WHAT DO THE following have in common: a segment of mandarin, the Amazon rainforest, a mushroom, and the hoof-print of a young antelope? Yes, of course, you've guessed it - they all bear a striking resemblance to the female genitalia. At least, they do according to Chris Minnaar, narrator of An&& Brink's new novel. From his first prepubescent fumblings to the frustrating celibacy of his dotage, Minnaar has spent seven decades worshipping what his father taught him to call the 'Filmandorus'. We meet him near the end, when death's shadow is cast over the two women who have mattered most to him, and the dawn of the new South Mica is bruised blood-red. His mother is dying, and the beloved but unattainable Rachel has been killed at the moment when she might at last have been his. Minnaar, a celebrated novelist who has written nothing for years, is moved to begin work on what will most likely be his final book. His twin subjects: all the women he has ever made love to, and the turbulent times of his country - South Africa's key political developments of the past seventy years, strung like beads on the narrative thread of his own erotic history.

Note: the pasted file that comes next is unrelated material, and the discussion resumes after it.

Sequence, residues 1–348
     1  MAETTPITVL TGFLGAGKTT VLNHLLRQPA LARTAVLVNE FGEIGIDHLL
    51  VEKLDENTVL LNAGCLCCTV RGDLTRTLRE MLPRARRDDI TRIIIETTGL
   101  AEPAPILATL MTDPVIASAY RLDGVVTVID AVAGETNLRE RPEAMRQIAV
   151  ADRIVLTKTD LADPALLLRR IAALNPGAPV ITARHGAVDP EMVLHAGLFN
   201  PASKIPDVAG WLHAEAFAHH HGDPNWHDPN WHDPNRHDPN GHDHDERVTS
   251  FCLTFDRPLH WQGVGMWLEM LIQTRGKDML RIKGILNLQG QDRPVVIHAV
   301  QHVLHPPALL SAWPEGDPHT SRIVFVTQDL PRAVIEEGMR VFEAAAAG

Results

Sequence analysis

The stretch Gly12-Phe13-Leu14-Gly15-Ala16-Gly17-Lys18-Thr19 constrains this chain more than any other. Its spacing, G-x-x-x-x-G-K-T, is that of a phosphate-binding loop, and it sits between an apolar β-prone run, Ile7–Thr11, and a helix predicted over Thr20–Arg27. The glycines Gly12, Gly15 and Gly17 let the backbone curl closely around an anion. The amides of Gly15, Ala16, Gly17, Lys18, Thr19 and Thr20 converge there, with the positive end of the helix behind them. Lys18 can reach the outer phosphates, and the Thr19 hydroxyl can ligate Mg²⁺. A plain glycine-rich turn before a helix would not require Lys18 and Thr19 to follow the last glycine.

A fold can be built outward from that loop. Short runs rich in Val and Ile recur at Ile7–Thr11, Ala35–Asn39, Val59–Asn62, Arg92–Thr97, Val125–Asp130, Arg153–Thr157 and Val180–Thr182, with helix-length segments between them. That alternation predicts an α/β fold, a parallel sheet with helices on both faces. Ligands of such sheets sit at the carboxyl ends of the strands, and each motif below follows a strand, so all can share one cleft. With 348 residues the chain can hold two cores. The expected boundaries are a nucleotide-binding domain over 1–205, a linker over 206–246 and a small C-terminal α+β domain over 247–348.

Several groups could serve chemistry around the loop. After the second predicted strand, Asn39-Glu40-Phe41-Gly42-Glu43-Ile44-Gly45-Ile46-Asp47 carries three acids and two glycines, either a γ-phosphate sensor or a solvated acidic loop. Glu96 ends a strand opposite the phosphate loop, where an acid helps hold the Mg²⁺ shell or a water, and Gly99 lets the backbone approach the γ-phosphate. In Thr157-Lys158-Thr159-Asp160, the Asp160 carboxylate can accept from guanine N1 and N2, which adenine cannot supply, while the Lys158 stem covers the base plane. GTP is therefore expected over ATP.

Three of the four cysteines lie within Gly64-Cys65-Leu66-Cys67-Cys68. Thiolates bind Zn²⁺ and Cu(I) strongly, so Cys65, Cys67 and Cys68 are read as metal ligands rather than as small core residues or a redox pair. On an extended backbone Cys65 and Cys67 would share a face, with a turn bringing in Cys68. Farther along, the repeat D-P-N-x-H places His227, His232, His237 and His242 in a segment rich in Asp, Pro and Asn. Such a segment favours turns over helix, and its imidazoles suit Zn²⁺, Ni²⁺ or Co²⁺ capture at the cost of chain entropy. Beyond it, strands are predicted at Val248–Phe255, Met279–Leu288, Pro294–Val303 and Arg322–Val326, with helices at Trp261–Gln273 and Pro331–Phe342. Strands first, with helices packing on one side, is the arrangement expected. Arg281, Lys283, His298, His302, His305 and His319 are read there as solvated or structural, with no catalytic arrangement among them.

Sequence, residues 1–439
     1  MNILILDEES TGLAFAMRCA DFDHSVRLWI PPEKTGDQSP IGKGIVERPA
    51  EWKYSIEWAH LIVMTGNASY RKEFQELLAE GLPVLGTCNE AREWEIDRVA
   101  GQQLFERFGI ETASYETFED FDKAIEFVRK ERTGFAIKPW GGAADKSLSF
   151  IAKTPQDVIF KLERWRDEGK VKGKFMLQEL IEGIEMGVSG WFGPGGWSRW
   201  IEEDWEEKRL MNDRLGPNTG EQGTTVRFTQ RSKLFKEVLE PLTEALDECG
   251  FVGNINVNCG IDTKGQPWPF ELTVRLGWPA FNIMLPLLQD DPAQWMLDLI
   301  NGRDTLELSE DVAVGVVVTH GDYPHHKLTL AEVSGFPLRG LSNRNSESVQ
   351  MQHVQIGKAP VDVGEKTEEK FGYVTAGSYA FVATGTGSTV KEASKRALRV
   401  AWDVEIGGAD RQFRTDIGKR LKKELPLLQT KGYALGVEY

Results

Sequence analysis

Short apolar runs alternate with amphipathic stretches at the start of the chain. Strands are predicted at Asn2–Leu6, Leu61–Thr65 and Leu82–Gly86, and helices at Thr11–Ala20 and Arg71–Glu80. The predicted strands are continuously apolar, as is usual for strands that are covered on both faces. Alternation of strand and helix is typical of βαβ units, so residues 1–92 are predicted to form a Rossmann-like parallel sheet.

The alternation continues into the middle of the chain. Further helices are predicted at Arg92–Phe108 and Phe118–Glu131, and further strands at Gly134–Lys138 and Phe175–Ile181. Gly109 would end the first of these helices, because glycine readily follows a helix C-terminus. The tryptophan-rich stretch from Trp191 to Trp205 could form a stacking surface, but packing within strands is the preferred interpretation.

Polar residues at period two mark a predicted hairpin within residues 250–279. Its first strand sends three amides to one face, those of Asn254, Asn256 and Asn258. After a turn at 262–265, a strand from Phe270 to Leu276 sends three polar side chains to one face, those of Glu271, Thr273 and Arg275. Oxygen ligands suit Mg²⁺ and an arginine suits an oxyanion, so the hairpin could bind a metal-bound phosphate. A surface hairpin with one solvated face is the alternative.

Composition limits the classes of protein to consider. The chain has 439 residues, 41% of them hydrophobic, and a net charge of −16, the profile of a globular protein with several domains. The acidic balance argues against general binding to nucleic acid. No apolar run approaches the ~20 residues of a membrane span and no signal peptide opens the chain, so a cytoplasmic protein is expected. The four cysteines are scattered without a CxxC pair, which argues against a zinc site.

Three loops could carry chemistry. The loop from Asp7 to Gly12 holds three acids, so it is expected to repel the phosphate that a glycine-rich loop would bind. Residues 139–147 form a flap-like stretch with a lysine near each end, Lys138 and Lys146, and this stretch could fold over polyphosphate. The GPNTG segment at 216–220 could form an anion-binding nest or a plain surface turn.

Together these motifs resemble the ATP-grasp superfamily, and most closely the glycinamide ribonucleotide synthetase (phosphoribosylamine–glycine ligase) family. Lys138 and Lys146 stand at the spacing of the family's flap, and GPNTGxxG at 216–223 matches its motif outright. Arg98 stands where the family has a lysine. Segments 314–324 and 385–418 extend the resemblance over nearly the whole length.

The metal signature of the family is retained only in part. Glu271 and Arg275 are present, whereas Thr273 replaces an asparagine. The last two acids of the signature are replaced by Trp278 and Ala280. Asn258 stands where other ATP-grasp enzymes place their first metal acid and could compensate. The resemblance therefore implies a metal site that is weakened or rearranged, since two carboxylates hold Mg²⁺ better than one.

In fact, the book is a porn video of memories played by an old man clinging to the last vestiges of virility. The parallels between the personal and the political feel contrived, as a structuring device, and only tenuously symbolic (there is a passing reference to South Mica as the